Sounds like the sort of catchphrase or motivational slogan that is just odd enough to appear in a Guy Maddin film, doesn’t it? “Inch on, Maddin! Inch on!”
The wonderful Hayley Inch was our guest this month, talking about her one true passion: Guy Maddin. Actually, being a true film buff after our own hearts, Hayley has many cinematic passions, but her love of Maddin is unparalleled. Whether you know Maddin’s work or have never heard of him before, you’ve really got to hear Hayley waxing lyrical about what makes him so great.
This episode also marks the return of the mini-Hyphenate segment, where we take a filmmaker who may not have made enough movies to qualify for the main stage (we have a loose five-or-more rule in place), and discuss them in the mid-section of the show. This month we’ve gone with Jacques Tati who made five features, one telemovie, and a bunch of shorts. Okay, so we’re stretching the rules a little to include him, but given Madman Entertainment just released a beautiful restored edition of his works, it felt like the perfect time.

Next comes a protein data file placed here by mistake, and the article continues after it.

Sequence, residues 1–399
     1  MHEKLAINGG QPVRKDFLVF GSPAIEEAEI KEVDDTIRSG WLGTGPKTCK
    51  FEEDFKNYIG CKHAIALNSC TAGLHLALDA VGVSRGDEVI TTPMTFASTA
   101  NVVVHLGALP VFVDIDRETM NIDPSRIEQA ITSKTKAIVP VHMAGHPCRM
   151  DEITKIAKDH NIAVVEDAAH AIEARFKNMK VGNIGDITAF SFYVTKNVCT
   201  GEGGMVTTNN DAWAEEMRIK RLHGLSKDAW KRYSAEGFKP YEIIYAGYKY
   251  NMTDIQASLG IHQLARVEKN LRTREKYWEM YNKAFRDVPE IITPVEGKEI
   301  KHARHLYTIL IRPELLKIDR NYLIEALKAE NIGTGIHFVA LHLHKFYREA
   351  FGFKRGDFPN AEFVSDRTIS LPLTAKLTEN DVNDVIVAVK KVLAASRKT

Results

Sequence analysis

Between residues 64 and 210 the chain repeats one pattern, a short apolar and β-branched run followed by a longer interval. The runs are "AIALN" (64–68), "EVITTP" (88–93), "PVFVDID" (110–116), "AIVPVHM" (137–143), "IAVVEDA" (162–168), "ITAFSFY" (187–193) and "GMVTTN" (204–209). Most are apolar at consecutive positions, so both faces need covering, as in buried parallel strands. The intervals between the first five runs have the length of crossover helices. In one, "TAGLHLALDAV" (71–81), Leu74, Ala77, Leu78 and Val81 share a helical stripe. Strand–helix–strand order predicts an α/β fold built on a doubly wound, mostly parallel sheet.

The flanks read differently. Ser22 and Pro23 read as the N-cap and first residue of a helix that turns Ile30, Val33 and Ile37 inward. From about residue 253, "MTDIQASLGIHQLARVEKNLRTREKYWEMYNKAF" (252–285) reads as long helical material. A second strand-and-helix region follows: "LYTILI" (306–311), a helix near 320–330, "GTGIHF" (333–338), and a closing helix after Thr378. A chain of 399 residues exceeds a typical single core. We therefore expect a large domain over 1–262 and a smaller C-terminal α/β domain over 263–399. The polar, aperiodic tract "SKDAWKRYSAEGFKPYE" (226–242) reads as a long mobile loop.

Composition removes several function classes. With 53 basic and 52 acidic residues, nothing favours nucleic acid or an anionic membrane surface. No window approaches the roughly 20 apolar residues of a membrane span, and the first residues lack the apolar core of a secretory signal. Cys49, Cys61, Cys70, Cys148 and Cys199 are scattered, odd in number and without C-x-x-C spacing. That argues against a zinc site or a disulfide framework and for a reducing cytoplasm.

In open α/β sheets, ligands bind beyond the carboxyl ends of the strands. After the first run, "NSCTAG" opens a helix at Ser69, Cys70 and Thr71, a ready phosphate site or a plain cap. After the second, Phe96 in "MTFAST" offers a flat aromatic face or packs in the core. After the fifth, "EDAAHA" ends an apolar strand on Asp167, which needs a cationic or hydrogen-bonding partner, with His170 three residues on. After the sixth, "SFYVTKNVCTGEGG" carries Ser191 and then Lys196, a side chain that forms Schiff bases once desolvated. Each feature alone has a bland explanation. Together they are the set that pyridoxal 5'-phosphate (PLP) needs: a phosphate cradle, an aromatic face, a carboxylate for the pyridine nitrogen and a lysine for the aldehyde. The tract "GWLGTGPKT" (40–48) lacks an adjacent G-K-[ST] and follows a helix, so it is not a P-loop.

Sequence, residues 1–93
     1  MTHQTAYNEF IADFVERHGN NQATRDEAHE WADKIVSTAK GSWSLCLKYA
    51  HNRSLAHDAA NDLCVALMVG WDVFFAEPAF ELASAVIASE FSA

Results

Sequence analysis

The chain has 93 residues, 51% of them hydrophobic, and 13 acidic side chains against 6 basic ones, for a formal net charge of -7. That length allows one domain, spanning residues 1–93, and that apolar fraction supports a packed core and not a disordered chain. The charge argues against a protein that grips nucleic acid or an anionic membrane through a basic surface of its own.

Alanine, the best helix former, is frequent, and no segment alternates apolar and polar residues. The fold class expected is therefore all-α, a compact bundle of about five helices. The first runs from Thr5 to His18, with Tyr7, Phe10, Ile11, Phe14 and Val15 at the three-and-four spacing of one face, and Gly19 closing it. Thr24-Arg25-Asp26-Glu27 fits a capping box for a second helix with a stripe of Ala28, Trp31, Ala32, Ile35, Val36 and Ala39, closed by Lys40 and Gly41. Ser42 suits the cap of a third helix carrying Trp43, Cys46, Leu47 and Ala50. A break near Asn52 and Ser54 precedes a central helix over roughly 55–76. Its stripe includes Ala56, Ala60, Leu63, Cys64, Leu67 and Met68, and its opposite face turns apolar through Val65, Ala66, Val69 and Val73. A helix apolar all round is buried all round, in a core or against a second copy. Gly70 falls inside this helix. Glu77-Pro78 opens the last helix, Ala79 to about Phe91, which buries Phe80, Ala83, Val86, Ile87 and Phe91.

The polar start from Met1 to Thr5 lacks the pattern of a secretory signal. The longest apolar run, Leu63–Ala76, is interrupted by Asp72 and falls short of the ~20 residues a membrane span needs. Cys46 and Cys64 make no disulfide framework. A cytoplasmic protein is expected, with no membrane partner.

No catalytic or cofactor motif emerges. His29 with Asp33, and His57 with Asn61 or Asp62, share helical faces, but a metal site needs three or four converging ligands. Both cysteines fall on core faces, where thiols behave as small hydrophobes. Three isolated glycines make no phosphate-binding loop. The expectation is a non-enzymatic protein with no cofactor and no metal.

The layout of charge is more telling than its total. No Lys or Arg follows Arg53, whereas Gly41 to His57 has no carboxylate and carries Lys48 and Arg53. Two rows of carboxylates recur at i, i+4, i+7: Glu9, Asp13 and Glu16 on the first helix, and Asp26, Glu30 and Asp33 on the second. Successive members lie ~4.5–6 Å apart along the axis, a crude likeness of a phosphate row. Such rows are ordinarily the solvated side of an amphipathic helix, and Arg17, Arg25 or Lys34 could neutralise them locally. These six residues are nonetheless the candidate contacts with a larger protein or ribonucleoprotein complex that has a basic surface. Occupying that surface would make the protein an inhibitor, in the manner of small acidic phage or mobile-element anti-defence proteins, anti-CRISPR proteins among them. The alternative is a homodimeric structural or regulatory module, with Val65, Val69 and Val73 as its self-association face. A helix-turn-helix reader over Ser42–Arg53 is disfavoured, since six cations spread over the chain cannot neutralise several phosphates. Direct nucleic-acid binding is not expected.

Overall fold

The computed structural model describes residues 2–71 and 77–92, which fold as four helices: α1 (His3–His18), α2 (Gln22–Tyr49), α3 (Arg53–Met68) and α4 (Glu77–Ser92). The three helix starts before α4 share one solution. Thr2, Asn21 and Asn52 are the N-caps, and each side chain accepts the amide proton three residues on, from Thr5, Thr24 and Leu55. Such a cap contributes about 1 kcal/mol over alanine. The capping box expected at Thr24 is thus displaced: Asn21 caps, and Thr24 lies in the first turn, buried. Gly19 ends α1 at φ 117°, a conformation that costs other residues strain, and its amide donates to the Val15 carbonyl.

There’s rarely a rhyme or reason to the pairing of mini-Hyphenate with the guest’s pick, but as we discussed their works, a connection emerged: both Tati and Maddin continued the tradition of silent films in very different ways. There aren’t many filmmakers who so forcefully use the pre-sound era as inspiration the way these two have, albeit in completely different ways.
We say this every month, but this really is a great episode. We talk Gone Girl, Force Majeure, Obvious Child and Whiplash, delve into Tati, and explore Maddin all in one hour. Plus, one of us actually leaves the room at one point! Who leaves and why? You’ll only find out the answer by listening to this month’s show.